Engineering matter and mind
Ed Boyden develops new strategies for analyzing and engineering brain circuits, using synthetic biology, nanotechnology, chemistry, electrical engineering, and optics to develop broadly applicable methodologies that reveal fundamental mechanisms of complex brain processes. A major goal of his current work is the development of technologies for controlling nerve cells using light – a powerful new technology known as optogenetics that is opening the door to new treatments for conditions such as epilepsy, Parkinson’s disease, and mood disorders.
Controlling the brain with light
A major goal of Boyden’s current work is to manipulate individual nerve cells using light. To do this, he takes advantage of naturally occurring light-sensitive proteins from various microorganisms, which can be artificially expressed in brain cells using genetic technology. By controlling these proteins with an implanted fiber-optic device, Boyden is developing on/off switches for brain activity. This will be a powerful way to test theories of brain function in experimental animals, and could also open the door to new clinical therapies for conditions such as epilepsy, Parkinson’s disease, or blindness.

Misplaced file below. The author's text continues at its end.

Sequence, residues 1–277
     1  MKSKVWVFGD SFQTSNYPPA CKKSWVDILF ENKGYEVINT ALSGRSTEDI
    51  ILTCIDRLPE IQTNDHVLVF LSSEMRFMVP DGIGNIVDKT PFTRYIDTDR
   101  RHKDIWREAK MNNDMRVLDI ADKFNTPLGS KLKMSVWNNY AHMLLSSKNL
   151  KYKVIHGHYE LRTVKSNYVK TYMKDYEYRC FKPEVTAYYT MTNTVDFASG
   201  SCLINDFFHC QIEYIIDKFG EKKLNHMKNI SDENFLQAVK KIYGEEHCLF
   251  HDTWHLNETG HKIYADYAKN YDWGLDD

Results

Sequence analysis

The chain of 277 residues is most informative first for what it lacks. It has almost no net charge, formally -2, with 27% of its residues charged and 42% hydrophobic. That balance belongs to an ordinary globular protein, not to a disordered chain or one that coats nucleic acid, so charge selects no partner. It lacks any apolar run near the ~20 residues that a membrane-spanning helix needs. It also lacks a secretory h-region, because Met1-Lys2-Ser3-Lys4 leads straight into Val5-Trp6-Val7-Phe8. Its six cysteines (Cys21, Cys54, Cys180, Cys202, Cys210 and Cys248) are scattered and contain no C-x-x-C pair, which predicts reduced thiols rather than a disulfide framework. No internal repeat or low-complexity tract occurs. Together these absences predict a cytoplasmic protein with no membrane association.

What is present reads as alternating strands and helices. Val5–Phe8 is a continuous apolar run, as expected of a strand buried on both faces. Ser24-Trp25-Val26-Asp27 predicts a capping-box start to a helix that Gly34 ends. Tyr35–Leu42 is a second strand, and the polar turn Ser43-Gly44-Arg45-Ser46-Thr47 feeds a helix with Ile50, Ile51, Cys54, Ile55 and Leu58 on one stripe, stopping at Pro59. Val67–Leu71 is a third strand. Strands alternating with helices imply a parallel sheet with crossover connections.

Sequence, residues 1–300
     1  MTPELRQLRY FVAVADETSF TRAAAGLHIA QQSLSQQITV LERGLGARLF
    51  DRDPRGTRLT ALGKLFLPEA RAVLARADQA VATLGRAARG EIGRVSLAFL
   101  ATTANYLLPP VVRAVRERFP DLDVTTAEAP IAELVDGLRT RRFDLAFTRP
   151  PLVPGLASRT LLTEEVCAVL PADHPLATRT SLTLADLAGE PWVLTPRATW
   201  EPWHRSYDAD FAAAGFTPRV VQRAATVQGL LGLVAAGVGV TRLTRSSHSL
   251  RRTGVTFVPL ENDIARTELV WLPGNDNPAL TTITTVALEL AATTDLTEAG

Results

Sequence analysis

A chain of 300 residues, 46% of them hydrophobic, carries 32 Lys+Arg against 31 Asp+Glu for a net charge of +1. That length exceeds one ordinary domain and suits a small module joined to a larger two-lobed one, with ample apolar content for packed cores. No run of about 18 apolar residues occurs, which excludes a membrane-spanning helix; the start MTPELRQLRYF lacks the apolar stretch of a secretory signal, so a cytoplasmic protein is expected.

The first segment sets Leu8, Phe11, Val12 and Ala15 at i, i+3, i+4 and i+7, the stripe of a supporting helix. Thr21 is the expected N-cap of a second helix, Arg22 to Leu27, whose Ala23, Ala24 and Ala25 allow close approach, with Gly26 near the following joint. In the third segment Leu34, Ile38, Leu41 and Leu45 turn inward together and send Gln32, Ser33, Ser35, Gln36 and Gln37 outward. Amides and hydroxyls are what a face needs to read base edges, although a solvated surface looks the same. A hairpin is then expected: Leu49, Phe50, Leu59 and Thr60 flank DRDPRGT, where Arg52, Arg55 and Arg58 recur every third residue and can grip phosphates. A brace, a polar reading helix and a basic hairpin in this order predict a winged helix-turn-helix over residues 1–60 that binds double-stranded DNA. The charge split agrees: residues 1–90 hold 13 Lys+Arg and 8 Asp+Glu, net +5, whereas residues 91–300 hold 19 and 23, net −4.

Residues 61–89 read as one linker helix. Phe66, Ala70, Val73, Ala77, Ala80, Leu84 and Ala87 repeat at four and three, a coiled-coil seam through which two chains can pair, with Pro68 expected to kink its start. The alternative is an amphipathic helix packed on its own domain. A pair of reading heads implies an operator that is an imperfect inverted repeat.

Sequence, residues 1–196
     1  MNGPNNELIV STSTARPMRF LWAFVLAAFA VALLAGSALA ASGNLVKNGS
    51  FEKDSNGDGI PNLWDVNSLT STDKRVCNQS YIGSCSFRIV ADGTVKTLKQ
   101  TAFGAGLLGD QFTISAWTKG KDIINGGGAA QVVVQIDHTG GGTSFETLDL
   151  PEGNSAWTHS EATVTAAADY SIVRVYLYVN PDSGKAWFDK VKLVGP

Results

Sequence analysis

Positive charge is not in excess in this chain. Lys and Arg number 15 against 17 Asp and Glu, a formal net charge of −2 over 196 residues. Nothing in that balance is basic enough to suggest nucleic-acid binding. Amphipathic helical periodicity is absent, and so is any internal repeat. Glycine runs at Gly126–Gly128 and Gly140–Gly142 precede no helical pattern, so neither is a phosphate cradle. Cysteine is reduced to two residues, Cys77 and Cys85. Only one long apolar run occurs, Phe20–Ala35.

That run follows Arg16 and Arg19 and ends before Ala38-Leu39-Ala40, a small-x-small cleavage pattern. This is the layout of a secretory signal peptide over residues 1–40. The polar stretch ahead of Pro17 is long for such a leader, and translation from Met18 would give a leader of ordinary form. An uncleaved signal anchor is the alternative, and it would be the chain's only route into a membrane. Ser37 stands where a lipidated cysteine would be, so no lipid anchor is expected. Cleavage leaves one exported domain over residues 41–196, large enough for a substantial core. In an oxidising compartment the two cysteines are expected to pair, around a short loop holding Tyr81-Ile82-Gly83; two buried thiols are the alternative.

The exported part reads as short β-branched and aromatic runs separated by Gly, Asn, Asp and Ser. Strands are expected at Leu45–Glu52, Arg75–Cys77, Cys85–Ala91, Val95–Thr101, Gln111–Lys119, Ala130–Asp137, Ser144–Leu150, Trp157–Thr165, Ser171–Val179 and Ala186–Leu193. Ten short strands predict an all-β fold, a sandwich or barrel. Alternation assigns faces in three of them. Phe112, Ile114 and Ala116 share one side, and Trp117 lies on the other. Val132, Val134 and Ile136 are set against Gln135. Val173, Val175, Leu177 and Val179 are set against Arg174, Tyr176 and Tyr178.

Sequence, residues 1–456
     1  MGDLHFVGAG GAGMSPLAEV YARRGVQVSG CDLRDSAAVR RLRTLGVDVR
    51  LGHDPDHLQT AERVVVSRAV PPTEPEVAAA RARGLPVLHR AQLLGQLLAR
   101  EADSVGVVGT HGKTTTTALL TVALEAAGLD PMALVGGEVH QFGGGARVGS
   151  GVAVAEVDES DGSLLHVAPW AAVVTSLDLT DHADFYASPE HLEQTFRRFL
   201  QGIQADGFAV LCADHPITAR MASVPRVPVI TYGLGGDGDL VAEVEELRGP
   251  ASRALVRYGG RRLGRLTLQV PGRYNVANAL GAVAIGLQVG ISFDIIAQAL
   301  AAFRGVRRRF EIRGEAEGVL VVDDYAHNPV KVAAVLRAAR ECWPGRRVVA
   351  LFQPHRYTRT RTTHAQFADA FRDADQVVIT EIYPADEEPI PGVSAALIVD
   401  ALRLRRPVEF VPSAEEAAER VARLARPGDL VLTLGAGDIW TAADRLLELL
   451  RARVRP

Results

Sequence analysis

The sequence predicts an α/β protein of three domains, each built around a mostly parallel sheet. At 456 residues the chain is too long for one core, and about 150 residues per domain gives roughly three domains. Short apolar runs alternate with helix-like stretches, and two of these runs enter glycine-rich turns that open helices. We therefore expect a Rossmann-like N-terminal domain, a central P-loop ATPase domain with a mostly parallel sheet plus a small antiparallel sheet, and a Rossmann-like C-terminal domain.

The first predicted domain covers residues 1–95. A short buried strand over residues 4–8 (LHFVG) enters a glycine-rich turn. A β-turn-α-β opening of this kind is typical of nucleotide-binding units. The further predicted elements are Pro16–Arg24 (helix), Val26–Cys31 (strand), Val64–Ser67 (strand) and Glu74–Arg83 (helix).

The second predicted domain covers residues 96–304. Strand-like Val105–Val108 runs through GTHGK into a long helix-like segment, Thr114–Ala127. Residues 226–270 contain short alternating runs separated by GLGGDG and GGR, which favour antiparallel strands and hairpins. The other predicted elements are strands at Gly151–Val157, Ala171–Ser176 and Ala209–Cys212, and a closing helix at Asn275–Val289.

Ed Boyden gives a TED talk on the technology known as optogenetics.
Boyden is also working on a technology known as trans-cranial magnetic stimulation (TMS). In this approach, magnetic coils close to the surface of the head are used to generate magnetic pulses that pass through the skull and influence activity in the underlying brain region. It is a noninvasive method for manipulating human brain activity, and is widely used both as a research tool and as clinical therapy for promoting recovery after stroke. But current TMS devices are imprecise and have led to inconsistent results. Boyden is using his training as a physicist and engineer to develop a smaller and more precise TMS system that will enhance the effectiveness of the device and reduce unwanted side effects.
Ed Boyden joined the McGovern Institute for Brain Research in July 2007. In 2006, he joined the MIT Media Lab as a visiting scientist, where he is now an Associate Professor (jointly with the Department of Biological Engineering and the Department of Brain and Cognitive Sciences). He received a Ph.D. in Neuroscience from Stanford University in 2005. He holds a double B.S. in Physics and Electrical Engineering and Computer Science and a Master of Engineering in Electrical Engineering and Computer Science from MIT. His work has won numerous awards, including the Perl/UNC prize, the A. F. Harvey prize, the Society for Neuroscience Research Award for Innovation in Neuroscience, and the 2013 European Brain Research Prize.